How do you know if you are involved in a great internship program?

How do you know if you are involved in a great internship program?

(Click here for the last part of this series on Academic Internships, “Red Flags”)

Brian Frenette of Yale University thinks that “the size/scope of the company is not always the best sign, but the clarity in the role, the ability to have a mentoring relationship with one’s supervisor, and the ability to participate in real, substantive projects is very important when determining the ‘value’ of an internship program”.

Academic Internship Directors from UC San Diego and Cal State Fullerton echoed this statement, and had more tips:

1.Internship program supervisors should be people who care about the growth and development made by their interns and

2. Students should be heavily involved in relevant work, projects and assignments where they can use their skills as well as develop new ones.

First, the environment surrounding the internship should be conducive to learning. The employees and other interns involved should all be focused on the work at hand, assisting each other in order to do well. That is why having a responsible and receptive supervisor is important when our Areteem students are involved in our private school internships. The supervisor should frequently check in with interns to see how well they are doing and offer appropriate feedback and advice when necessary. That way, students will be able to connect more with their supervisors, working alongside each other similar to a mentor-mentee relationship.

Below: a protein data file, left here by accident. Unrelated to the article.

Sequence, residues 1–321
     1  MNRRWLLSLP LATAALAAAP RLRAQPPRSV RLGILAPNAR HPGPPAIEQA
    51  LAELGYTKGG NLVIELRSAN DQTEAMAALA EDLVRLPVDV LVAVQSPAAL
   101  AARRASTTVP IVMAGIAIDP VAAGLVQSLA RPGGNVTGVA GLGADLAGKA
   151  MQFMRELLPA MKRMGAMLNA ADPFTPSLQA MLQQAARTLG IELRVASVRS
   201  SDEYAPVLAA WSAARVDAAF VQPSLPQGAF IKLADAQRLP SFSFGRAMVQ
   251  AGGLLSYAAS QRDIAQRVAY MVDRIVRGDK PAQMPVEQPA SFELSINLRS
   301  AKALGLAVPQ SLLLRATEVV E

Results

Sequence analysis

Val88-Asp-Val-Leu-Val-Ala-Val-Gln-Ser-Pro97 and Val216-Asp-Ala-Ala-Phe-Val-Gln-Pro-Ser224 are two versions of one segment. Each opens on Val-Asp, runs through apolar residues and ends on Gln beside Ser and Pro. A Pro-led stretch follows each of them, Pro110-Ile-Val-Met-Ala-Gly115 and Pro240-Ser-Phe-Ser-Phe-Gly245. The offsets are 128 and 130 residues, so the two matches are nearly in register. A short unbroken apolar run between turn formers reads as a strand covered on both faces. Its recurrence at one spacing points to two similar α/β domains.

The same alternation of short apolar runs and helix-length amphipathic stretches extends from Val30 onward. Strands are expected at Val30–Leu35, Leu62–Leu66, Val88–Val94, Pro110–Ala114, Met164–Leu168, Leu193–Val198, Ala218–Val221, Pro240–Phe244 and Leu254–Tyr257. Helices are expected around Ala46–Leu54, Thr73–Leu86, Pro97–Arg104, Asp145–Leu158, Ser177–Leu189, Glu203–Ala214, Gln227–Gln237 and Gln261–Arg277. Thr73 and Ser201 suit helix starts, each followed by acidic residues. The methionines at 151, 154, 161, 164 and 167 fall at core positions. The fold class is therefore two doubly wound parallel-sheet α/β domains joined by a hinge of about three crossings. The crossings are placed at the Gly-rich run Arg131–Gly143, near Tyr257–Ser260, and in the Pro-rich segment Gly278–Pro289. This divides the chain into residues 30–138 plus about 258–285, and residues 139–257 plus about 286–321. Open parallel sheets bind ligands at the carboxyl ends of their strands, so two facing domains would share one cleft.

The more meaningful projects the intern is involved in, the better. Students need to be challenged during “hands-on” experiences where they develop skills they may not have gained otherwise. Students will benefit from engaging more in their internships as they feel they will have accomplished something.

In the end, an internship program’s strengths rely on both the people and the actual work involved. Interning in professional environments allow students to see first-hand what having a “career” is like and ultimately be a rewarding experience where they may even establish some future contacts!

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By Cameron Yanoscik